The following publications from external partners and CDC offer critical insights and recommendations that are informing the work of CDC’s Data Modernization Initiative.

The list below consists of peer-reviewed literature as well as official reports from professional organizations, national commissions, and more. The authors represent a wide range of professional sectors, including federal and state government, academia, the private sector, the non-profit sector, and policymakers. This list will continue to be updated.

    1. Armooh, T., Barton, T., Castillo, G., Cinnick, S., Clark, S., Giles-Cantrell, B., Gorenflo, G., Hoagland, G. W., Horneffer, K., Pardal, A., Parekh, A., Pham, T., Resnick, B., Rice, S., Sellers, K., Shirley, L., & Wu, K. (2021, December). Public Health Forward: Modernizing the U.S. Public Health System. The Bipartisan Policy Center.
    2. Aturaliya, R., Espinosa, O., Lafronza, V., Ransom, M., & Bleser, J. (2021). Challenges and Opportunities for Strengthening the US Public Health Infrastructure: Findings from the Scan of the Literature.
    3. Braun, P. (2020). Public Health Data Modernization Executive Summary Report. [PDF]
    4. Cassel, C., Chyba, C., Graham, S. L., Holdren, J. P., Lander, E. S., Levin, R., Penhoet, E., Press, W., Savitz, M., & Varmus, H. (2020). Epidemiological Modeling Needs New, Coherent, Federal Support for the Post-COVID-19 Era.
    5. Centers for Disease Control and Prevention. (2020). Public Health Data Modernization: Listening Session on Real-World Testing of 21st Century Cures Act Requirements.
    6. The Commonwealth Fund. (2022). Meeting America’s Public Health Challenge.
    7. Council for State and Territorial Epidemiologists. (2022). Addressing Gaps in Public Health Reporting of Race and Ethnicity Data for COVID-19.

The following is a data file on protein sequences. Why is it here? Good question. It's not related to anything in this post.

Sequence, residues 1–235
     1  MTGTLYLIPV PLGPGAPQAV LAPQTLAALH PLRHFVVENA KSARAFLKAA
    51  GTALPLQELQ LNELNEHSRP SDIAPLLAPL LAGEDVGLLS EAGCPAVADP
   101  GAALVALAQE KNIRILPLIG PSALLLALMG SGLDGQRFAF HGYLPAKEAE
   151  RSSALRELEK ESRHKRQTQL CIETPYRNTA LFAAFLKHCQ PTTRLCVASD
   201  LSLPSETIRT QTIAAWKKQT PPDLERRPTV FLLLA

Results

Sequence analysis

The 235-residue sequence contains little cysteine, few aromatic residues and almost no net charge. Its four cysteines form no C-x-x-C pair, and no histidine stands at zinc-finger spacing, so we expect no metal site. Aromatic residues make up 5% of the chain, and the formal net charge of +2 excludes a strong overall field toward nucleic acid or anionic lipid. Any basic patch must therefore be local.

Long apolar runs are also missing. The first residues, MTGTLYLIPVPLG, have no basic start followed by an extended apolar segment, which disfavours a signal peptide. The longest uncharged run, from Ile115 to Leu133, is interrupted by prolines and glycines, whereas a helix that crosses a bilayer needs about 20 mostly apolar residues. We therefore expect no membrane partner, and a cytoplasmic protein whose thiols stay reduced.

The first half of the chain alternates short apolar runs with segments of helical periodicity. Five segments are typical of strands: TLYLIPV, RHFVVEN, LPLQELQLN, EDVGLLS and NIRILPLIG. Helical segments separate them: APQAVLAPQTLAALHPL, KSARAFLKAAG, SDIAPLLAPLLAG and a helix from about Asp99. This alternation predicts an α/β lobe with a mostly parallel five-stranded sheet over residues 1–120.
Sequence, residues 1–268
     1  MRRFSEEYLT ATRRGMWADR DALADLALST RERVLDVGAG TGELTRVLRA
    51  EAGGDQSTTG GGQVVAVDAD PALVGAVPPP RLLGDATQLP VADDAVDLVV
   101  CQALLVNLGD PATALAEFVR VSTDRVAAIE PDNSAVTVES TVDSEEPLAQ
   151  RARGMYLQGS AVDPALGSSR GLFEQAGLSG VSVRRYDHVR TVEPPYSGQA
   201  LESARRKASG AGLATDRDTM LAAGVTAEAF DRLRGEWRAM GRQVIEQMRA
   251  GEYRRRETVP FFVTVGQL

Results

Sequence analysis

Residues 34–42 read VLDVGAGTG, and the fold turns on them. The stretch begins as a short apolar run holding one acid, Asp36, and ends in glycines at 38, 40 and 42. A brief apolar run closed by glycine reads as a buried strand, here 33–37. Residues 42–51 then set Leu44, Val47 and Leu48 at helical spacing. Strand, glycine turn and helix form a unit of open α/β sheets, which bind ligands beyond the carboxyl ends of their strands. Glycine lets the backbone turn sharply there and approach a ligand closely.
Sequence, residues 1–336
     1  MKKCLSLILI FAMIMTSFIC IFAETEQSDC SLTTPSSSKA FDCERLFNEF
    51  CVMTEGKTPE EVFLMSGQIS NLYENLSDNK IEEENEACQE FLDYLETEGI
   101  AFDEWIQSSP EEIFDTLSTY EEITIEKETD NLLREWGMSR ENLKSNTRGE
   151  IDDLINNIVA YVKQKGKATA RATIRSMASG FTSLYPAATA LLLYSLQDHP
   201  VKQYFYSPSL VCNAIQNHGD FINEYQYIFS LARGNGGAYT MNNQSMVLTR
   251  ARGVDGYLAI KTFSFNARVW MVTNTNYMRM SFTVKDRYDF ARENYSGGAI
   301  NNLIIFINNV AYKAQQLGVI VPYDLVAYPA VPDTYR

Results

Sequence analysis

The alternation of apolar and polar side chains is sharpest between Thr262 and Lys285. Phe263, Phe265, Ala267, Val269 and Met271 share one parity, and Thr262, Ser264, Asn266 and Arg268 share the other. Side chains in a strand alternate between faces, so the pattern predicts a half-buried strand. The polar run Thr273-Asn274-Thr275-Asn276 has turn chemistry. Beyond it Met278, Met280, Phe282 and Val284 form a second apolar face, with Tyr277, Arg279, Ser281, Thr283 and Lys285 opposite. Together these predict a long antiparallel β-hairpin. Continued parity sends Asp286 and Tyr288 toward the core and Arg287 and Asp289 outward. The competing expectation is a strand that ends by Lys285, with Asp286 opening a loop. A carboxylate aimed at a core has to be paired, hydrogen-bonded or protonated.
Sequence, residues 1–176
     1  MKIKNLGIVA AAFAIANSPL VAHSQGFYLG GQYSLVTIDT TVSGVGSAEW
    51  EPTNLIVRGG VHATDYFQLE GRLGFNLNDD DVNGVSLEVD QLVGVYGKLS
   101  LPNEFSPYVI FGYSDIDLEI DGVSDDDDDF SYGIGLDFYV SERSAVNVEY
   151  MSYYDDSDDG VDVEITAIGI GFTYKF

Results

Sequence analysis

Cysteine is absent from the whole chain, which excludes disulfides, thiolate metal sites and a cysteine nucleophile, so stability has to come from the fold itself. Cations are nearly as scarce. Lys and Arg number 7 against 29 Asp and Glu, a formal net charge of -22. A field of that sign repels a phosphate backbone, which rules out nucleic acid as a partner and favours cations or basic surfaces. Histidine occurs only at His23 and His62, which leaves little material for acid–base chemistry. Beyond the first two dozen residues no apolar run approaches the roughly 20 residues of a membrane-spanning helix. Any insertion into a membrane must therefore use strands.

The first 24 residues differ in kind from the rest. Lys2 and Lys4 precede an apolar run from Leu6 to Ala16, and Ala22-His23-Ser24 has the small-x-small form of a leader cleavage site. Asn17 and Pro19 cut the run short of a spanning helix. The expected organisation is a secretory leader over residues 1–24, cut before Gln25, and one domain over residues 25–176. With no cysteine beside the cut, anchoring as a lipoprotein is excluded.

8. Council for State and Territorial Epidemiologists. (2019). Driving Public Health in the Fast Lane: The Urgent Need for a 21st Century Data Superhighway.
    9. Daschle, T., First, B., Wilensky, G., Burke, S., Capretta, J., Crippen, D., Hamburg, M., Jennings, C., Lavizzo-Mourey, R., Roper, W., Smith, M., & Wen, L. (2021). Positioning America’s public health system for the next pandemic. Washington: American Enterprise Institute for Public Policy Research. The Bipartisan Policy Center.
    10. Dastvar, D., & Averill, D. (2021). The National Public Health Data System: The case for an aggregated national healthcare database. [Whitepaper].
    11. Data Foundation (2022, September). Evidence Commission After Five Years: A Progress Report on the Promise for a More Evidence-Informed Society.
    12. DeSalvo, K., Hughes, B., Basset, M., Benjamin, G., Fraser, M., Galea, S., Gracia, N. J., & Howard, J. (2021). Public Health COVID-19 Impact Assessment: Lessons Learned and Compelling Needs. NAM Perspective. doi: 10.31478/202104c.
    13. DeSalvo, K. B., Wang, Y. C., Harris, A., Auerbach, J., Koo, D., & O’Carroll, P. (2017). Public Health 3.0: A Call to Action for Public Health to Meet the Challenges of the 21st Century. Prev Chronic Dis, 14(170017). DOI:
    14. Digital Bridge Public Health API Workgroup. (2021, September). Public Health API Concept Paper Version 1.0.
    15. Gee, R. E., & Khan, A. S. (2021) Leading the world again: creating a 21st-century public health agency. Am J Public Health, 111(4):594–596.